A magnetic helmet that could help treat depression

The FDA has approved Transcranial Magnetic Stimulation, a radical therapeutic alternative to antidepressants

Published January 10, 2013 2:08PM (EST)


The United States Food and Drug Administration approved a helmet that treats depression using -- wait for it -- magnets. It might sound like weird science, but doctors are hailing it as a non-invasive and effective alternative to antidepressants.

Transcranial Magnetic Stimulation (or TMS), involves wearing a helmet filled with electromagnetic coils that sends magnetic pulses to "rewire" specific neural pathways in the brain. Brainsway, a publicly traded Israeli company, has an exclusive license for the technology.

While TMS bears some resemblance to electroconvulsive therapy, doctors say it works quite differently. Traditional shock therapy induces seizures to release neurotransmitters, the goal for TMS is to energize nerve tracks in the brain by making them fire more frequently. The magnetic field impulses of TMS are far gentler, the same strength as those used in magnetic resonance imaging (MRI) machines.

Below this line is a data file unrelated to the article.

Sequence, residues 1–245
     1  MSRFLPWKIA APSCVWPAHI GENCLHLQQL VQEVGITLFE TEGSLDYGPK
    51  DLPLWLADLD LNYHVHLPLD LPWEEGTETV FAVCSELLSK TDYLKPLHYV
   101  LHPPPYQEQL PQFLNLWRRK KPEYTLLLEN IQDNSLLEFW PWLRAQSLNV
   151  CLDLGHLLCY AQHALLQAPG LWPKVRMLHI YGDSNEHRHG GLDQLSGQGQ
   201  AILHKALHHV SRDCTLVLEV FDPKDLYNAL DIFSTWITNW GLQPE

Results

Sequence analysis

The initial course of treatment consists of 5 sessions a week over the course of 4-6 weeks. The patient remains awake in the chair during treatment, wearing a device the size of a cupped hand.

The device is new to the U.S., but was already approved in Europe for clinical depression, bipolar disorder, schizophrenia, Parkinson’s diseases, and PTSD. And doctors think it could do much more. Clinical trials are already under way to determine if TMS could be an effective alternative to traditional treatments of cocaine addiction, Tourette's syndrome, Alzheimer's, stroke rehabilitation, multiple sclerosis, even ADHD.

By Katie McDonough

Katie McDonough is Salon's politics writer, focusing on gender, sexuality and reproductive justice. Follow her on Twitter @kmcdonovgh or email her at kmcdonough@salon.com.

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